John Murray Archive, 1820s-1840s: (re)establishing the house identity
Banks, Kirsten Francesca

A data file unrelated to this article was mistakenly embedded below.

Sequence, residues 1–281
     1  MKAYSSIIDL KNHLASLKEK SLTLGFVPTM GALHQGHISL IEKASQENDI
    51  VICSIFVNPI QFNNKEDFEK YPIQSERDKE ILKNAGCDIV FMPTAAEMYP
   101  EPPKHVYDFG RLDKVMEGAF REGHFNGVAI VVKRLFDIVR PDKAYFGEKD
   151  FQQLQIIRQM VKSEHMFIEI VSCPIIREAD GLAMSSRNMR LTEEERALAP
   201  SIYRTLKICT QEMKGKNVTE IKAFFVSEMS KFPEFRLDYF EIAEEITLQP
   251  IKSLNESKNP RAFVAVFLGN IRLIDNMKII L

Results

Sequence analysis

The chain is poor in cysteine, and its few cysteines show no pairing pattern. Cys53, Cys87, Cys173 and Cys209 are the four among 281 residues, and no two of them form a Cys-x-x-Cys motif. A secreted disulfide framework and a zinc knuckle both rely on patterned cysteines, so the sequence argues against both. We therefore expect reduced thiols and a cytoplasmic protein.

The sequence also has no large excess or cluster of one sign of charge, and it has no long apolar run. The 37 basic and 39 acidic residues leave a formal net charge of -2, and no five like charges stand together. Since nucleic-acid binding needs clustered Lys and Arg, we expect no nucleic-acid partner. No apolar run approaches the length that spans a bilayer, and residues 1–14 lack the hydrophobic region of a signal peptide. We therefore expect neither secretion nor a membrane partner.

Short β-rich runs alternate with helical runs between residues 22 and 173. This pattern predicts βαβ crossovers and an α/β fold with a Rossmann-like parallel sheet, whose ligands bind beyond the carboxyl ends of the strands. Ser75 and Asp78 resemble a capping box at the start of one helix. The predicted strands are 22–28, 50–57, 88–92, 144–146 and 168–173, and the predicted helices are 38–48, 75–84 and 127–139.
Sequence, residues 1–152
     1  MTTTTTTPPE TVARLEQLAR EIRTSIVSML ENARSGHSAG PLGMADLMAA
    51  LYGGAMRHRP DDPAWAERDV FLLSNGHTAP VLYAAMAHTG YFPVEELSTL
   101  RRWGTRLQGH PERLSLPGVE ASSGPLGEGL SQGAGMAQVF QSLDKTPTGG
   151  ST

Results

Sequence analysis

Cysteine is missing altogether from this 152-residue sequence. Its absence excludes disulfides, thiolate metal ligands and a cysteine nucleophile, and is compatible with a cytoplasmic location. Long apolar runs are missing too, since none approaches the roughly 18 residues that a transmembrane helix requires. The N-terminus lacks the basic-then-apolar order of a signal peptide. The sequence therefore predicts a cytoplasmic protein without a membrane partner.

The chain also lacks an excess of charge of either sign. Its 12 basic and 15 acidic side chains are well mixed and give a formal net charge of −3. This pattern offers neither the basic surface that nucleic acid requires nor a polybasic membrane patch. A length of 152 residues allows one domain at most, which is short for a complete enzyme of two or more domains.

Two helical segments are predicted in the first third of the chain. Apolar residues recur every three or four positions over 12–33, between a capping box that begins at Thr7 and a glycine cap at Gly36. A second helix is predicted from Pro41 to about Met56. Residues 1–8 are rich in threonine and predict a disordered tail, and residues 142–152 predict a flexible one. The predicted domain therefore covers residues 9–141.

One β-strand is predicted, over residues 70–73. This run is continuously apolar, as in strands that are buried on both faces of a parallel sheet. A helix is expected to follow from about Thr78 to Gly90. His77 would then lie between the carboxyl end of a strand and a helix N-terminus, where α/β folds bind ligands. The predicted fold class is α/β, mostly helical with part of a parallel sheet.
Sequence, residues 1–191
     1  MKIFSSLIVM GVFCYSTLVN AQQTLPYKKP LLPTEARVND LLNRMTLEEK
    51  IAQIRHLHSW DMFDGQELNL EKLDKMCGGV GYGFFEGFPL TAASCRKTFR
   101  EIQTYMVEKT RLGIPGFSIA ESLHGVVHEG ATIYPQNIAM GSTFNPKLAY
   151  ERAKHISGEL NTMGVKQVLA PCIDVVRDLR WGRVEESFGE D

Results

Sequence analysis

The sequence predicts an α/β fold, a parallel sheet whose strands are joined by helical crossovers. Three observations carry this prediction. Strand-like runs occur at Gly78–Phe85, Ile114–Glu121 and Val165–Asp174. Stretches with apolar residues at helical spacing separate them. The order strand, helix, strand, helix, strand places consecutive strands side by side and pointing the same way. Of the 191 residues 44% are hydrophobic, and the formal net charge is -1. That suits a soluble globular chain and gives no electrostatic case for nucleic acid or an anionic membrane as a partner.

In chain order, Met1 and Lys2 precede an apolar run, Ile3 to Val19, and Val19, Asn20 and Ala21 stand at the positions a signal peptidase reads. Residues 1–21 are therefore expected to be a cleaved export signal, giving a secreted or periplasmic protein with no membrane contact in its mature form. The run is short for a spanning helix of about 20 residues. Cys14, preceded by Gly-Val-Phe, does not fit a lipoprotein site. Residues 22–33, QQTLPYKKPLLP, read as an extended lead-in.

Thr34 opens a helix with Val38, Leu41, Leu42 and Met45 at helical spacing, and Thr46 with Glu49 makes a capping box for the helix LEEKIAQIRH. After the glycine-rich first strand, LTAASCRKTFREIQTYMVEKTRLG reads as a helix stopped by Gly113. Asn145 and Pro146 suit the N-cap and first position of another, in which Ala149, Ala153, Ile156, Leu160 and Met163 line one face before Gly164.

This thesis examines the continuing growth of the House of Murray during the 1820s-1840s. Prior to the 1820s, Murray had enjoyed massive success with the publications of the work of Lord Byron, whose celebrity, and the profits generated, contributed significantly to the House’s prestigious reputation. Murray’s move from Fleet Street to Albemarle Street in 1812 also signified the House’s shift from bookselling to publishing, which enabled Murray to attract an increasing number of high-profile names from the worlds of literature, travel and exploration, the sciences, and politics. Murray’s drawing-room at Albemarle Street became renowned throughout the trade for its gentlemanly gatherings, comprising of the luminaries of the day. The four chapters of this thesis explore how Murray (re)established the House identity in different markets during the 1820s-1840s, as the Romantic epoch diffused into an increasingly commercialised era, with new production methods, an expanding marketplace, and increasing competition. Chapter One considers Murray’s use of the drawing room at Albemarle Street to construct a House identity amongst selected members of his inner circle. It also looks at the importance of the Byronic legacy to the House and the means by which Murray sought to protect it. Chapter Two engages with the contrasting side of the House, namely the ‘cheap’ publications, which Murray published in response to the growth of this market in the late-1820s and early-1830s. During this time Murray used some of his well-established assets, such as Byron, Crabbe and the Quarterly Review, to retain the prestige of the House, while attempting to reach new readers within the burgeoning middle class. Chapter Three examines Murray’s correspondence with some of his female authors to consider how the House responded to authors of both genders, and, with reference to ongoing scholarship regarding ‘women’s writing’, questions the veracity of a gender-centric approach when applied to the study of archival materials; the chapter’s findings suggest that both Murray’s male and female authors were treated similarly. The final chapter explores how Murray strove to retain control over the House’s reputation as international trading possibilities developed. The roots of the 'Handbooks' and the 'Colonial and Home Library' are also traced back further than has previously been considered, and read within the context of the ongoing re-branding of Byron discussed in Chapters One and Two. The House’s literary figures, and the Quarterly Review, were used by Murray in the 1840s to promote the values and prestige of the House in America, Europe and the Colonies. This thesis offers much previously unpublished archival material from the John Murray Archive at the National Library of Scotland. It builds upon previous scholarship on John Murray and seeks to contextualise some of these lines of enquiry through providing a sustained study of the House during the 1820s-1840s. It uses quantitative analysis, where possible, to provide further grounding for some of its claims, and situates the findings within the growing body of research in this area. It is the underlying aim of this thesis to foreground the House’s shift from the ‘Romanticism’ of the early-nineteenth century towards the ‘commercialism’ of the mid-nineteenth century, whilst serving as a point of reference for further scholarship on the John Murray Archive during this time period.